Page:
What we learned this week

  • The Guardian continues to evolve its response to the climate emergency, and this week published a climate change dashboard.
  • At their annual conference, Britain’s Liberal Democrat party voted to back a Universal Basic Income. The Lib Dems are not the force they were, but it marks another step towards the mainstream for Basic Income. (The Green Party also supports BI)
  • Governments resist them, campaigners often demand them without necessarily thinking it through, so it’s useful to The Economist’s perspective on how ‘outright bans can sometimes be a good way to fight climate change‘.
  • As an experiment, I’m dropping the latest posts from this week in at the bottom, for those catching up. Let me know if this is a helpful feature or not, and I might add it every week.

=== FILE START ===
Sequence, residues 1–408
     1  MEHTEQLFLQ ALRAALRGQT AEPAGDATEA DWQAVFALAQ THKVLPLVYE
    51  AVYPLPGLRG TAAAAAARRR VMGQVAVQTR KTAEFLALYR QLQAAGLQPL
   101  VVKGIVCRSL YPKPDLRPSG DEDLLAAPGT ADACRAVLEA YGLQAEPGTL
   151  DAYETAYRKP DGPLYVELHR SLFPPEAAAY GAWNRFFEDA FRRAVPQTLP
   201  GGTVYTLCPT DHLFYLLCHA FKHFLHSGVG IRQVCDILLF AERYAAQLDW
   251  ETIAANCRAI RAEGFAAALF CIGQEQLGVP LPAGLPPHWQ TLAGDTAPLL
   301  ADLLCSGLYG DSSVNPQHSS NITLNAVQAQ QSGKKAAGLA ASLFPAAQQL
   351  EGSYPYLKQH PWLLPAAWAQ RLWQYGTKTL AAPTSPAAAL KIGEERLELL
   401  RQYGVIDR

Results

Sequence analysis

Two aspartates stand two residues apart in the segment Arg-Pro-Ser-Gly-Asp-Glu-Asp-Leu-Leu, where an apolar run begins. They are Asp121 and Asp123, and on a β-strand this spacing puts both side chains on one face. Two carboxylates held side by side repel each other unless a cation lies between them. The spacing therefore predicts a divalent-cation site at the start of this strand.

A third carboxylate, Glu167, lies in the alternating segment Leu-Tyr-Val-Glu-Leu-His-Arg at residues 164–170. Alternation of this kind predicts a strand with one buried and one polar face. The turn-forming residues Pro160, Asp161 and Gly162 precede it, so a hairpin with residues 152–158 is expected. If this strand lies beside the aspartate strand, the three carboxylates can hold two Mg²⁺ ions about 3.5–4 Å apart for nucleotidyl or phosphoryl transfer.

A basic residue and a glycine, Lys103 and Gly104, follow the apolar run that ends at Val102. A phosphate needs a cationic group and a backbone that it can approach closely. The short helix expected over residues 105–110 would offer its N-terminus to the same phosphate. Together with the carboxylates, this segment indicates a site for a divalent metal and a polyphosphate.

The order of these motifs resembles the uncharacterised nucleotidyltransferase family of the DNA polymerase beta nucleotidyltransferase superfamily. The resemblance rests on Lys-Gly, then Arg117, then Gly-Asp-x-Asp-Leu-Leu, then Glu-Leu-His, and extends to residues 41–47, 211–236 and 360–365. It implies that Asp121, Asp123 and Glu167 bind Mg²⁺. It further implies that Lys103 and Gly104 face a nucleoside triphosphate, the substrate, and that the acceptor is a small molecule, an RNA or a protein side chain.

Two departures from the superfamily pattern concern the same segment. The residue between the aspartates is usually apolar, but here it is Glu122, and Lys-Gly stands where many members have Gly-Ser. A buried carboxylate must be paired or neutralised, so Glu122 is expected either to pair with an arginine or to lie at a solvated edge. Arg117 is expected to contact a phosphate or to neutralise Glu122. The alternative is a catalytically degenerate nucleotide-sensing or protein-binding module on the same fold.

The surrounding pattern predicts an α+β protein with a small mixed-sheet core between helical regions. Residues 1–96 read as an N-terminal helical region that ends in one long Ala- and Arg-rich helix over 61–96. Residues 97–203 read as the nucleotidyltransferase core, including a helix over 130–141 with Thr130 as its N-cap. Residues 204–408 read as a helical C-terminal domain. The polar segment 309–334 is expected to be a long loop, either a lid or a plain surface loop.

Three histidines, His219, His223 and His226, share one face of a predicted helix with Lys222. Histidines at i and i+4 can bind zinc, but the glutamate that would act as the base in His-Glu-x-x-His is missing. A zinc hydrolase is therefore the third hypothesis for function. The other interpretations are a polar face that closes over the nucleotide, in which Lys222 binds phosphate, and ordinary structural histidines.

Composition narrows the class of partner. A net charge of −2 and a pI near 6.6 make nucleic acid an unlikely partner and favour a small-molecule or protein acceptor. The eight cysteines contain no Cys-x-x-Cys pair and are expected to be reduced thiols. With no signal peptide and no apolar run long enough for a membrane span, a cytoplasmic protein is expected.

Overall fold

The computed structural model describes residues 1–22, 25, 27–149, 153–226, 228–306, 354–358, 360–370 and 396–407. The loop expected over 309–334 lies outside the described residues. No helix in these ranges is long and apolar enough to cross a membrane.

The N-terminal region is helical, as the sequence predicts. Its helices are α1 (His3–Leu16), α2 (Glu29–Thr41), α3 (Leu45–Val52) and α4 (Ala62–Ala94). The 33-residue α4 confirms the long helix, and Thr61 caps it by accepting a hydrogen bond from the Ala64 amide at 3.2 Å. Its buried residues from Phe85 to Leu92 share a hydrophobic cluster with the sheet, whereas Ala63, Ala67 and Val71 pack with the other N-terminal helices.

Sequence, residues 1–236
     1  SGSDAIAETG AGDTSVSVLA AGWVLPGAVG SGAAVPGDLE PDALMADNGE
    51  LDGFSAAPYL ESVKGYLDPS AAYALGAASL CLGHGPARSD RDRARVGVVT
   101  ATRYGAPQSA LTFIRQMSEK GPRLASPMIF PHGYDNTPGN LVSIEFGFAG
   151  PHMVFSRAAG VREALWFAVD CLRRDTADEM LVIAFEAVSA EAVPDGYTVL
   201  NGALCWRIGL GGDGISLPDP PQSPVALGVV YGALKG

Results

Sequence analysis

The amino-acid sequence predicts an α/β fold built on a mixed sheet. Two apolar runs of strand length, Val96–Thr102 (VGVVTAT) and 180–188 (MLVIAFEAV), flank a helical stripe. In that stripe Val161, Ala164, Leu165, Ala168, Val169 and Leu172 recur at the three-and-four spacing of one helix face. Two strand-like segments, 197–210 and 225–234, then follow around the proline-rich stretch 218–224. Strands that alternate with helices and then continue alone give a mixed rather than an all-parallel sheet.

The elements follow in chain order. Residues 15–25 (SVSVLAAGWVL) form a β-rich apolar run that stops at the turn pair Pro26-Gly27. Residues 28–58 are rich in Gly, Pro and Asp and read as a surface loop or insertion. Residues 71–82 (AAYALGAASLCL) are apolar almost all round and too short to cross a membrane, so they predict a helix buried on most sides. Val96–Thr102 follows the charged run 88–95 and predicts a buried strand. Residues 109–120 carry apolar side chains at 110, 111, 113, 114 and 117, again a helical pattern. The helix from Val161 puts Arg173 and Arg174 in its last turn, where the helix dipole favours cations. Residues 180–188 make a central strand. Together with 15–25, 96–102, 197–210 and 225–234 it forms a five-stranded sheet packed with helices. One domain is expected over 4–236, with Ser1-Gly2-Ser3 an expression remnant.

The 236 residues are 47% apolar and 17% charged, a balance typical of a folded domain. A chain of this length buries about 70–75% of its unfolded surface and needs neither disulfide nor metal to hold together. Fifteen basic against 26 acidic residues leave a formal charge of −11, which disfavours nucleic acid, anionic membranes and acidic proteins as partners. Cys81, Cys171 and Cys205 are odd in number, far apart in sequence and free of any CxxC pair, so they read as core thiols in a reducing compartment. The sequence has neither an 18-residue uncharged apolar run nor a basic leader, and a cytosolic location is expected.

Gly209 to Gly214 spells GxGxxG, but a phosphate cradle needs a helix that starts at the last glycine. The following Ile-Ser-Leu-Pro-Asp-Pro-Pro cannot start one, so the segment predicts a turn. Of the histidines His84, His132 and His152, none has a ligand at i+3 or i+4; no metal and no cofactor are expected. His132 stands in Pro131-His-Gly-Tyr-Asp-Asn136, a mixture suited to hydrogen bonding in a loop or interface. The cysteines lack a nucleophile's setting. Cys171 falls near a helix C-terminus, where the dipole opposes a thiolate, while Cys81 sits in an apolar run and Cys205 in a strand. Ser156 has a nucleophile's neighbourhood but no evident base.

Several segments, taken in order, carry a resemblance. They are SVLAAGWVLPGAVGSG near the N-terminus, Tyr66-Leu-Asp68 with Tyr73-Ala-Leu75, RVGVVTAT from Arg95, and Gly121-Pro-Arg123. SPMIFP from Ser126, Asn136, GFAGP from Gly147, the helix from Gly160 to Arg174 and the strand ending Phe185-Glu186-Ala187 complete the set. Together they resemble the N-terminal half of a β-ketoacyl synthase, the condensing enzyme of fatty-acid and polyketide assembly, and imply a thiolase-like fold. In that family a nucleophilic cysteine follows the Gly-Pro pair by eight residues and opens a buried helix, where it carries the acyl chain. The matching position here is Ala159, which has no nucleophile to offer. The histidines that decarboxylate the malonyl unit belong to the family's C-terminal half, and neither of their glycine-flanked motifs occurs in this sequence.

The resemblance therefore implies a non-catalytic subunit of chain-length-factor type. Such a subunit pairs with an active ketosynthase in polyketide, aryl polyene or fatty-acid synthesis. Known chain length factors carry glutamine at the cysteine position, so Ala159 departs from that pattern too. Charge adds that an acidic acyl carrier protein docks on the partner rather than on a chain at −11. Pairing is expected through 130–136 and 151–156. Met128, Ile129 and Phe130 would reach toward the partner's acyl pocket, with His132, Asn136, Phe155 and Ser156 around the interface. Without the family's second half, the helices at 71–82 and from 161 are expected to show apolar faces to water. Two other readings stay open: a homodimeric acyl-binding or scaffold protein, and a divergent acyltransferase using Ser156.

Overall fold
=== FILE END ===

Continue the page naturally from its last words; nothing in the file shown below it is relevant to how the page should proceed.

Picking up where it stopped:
What we learned this week

Yes magazine reports on twenty years of the world’s biggest seagrass restoration project, located off Virginia. More of this. In conversation about his new book, this interview with Amitav Ghosh covers climate change, colonialism, violence and degrowth – unusual and vital perspectives on the crisis from a writer of global importance. Amy Westervelt makes the […]

Solar trains for India

Railways powered directly by trackside solar power are an ingenious idea that I’ve been keeping an eye on. Developed by the good folks at Possible and operating under the name Riding Sunbeams, the first trial projects are already running in the UK – a world first for directly solar powered trains. Britain isn’t exactly famous […]

The scale of global e-waste

Today is International e-waste day, which aims to raise awareness of waste electronics. It’s a growing problem, as more people buy phones, laptops and other gadgets, and as they are replaced at a faster rate. If you average the problem across the global population, 7.6kg of e-waste is created every year for every person on […]

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